gender, girls rights, United Nations, Women's rights

empowering marginalized adolescent girls through ICTs

Check out an article by Linda Raftree and myself on integrating ICTs into C4D work with marginalized adolescent girls, which is based on a UNICEF report that we wrote a while back. It was posted in the Guardian today for International Day of the Girl, and it links our research from the report with the issue of ‘innovation for girls education’. You can read the article here and you can access the full UNICEF report here.

below is a short summary of the report:

UNICEF report

Social, cultural, economic and political traditions and systems that prevent girls, especially the most marginalized, from fully achieving their rights present a formidable challenge. The integration of new Information and Communication Technologies (ICTs) to the Communication for Development (C4D) toolbox offers an additional means for challenging unequal power relations and increasing participation of marginalized girls in social transformation.

Especially during puberty, various forms of discrimination and exclusion intersect to increase adolescent girl’s marginalization. At the same time, interventions aimed at adolescent girls have the most transformative potential as they can significantly alter a trajectory of vulnerability by reducing the prevalence of various forms of discrimination such as early marriage and early pregnancy.

The report shows how  ICTs can play a role both in empowering adolescent girls and in reaching or engaging those around them to create enabling environments for girls.

In the report we examine ways that ICTs can strengthen C4D programming by:

  • enhancing girls’ connections, engagement and agency;
  • helping girls access knowledge; and
  • supporting improved governance and service delivery efforts.

We reflect and build on the views of adolescent girls from 13 developing countries who participated in a unique discussion for this paper, and we then provide recommendations to support the integration of ICTs in C4D work with marginalized adolescent girls, including:

  • Girls as active participants in program design. Practitioners should understand local context and ensure that programs use communication channels that are accessible to girls. This will often require multi-channel and multiple platform approaches that reach more marginalized girls who may not have access to or use of ICTs. Programs should be community driven, and real-time feedback from girls should be incorporated to adjust programs to their needs and preferences. Mentoring is a key component of programming with girls, and holistic programs designed together with girls tend towards being more successful.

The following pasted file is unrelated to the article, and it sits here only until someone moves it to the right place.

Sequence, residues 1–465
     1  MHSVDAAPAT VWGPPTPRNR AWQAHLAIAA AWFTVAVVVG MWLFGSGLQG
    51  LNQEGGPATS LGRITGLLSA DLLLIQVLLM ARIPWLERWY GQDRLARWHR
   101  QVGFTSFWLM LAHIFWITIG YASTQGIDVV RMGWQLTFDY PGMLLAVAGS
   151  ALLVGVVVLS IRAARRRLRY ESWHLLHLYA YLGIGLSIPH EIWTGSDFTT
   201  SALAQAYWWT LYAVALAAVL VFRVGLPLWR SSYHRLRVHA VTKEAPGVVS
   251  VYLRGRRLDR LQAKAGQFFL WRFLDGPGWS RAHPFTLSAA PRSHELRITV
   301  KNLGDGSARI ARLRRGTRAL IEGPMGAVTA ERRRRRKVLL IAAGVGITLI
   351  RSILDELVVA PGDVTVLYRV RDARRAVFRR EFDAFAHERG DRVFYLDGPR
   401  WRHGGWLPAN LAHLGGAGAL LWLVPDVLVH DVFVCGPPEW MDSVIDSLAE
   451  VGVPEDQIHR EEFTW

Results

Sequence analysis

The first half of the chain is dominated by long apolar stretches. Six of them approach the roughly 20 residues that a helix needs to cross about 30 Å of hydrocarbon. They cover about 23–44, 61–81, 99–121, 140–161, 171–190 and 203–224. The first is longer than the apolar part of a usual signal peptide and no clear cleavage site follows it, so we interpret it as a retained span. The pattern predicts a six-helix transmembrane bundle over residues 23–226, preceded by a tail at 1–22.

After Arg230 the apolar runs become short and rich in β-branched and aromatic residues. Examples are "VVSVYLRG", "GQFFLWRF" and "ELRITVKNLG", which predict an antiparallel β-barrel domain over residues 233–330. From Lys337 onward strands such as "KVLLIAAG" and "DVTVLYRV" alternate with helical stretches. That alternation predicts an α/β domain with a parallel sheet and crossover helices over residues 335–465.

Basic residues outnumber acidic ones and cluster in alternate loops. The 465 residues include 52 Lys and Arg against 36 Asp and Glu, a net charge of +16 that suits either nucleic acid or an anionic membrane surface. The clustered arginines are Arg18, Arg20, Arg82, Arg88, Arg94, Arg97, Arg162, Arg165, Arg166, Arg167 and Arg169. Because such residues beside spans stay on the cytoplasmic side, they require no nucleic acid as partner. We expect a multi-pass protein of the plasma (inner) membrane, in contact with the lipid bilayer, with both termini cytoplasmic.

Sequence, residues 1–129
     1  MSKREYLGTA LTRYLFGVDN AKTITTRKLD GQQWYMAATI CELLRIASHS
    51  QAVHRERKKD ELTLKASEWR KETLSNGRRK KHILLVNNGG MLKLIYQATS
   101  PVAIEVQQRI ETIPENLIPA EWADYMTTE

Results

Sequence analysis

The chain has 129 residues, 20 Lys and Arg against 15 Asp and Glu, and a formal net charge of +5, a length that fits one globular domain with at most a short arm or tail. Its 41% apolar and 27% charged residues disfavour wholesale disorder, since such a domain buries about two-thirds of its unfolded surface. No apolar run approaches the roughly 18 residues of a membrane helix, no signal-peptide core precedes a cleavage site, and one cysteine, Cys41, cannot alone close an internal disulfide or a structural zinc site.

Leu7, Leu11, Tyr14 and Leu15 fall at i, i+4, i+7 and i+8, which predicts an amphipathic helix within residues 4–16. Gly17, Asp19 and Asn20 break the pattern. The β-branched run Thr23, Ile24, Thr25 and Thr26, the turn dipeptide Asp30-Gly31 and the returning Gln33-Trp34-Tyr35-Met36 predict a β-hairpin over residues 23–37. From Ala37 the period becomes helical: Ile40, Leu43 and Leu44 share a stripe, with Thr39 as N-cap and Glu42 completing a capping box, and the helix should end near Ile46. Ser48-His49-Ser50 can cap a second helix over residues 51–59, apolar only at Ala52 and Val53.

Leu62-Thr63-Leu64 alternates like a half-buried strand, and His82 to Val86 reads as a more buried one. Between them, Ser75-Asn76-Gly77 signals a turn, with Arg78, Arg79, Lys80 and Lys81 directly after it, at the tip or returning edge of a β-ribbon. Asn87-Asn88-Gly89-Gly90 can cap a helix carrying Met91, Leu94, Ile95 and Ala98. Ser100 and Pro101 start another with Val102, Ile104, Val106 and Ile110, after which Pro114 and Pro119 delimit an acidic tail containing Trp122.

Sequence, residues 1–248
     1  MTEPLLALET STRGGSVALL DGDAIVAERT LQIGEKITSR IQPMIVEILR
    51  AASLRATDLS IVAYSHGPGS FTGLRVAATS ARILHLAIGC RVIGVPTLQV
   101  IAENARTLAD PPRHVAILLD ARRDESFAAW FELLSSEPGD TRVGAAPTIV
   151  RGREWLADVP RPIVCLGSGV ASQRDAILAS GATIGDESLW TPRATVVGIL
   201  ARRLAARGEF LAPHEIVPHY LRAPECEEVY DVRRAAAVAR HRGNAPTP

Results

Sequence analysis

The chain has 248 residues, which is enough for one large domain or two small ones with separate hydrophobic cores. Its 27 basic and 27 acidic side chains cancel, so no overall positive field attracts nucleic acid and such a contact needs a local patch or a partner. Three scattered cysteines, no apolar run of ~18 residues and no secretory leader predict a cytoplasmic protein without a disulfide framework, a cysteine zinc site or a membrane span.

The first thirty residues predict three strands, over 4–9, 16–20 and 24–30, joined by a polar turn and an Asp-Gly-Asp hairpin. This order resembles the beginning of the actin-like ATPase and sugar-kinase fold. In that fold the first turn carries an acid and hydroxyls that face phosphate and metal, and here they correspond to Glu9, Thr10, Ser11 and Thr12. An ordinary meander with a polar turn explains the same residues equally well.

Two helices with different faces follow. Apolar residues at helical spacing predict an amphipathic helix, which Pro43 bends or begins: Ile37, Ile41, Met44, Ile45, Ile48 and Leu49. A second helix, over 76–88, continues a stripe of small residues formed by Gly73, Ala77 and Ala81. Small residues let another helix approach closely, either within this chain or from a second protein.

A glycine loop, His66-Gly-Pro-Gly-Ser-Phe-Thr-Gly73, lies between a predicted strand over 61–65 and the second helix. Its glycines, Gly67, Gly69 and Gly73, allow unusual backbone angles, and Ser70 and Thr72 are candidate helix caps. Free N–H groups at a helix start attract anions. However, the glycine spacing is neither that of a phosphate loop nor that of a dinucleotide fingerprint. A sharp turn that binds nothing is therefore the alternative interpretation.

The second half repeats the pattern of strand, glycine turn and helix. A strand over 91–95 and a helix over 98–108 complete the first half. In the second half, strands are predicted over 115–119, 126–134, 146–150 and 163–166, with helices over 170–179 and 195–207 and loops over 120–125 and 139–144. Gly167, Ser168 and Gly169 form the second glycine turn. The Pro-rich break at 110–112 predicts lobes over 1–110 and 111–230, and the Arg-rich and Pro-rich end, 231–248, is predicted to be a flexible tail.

• Privacy and protection. Every program should conduct a thorough risk analysis of proposed approaches to ensure that girls are not placed at risk by participating, sharing and consuming information, or publicly holding others to account. Girls should also be supported to make their own informed choices about their online presence and use of ICT devices and platforms. A broader set of stakeholders should be engaged and influenced to help mitigate systemic and structural risks to girls.
  • Research and documentation. The evidence base for use of ICTs in C4D programming with marginalized adolescent girls is quite scarce. Better documentation would improve understanding of what programs are the most effective, and what the real added value of ICTs are in these efforts.
  • Capacity building. Because the integration of ICTs into C4D work is a relatively new area that lacks a consistent methodological framework, organizations should support a comprehensive training process for staff to cover areas such as program design, effective use of new ICT tools in combination with existing tools and methods, and close attention to privacy and risk mitigation.
  • Policy. Programs should use free and open source software. In addition, child protection policies, measures and guidelines should be updated to reflect changes in technology, platforms and information sharing.
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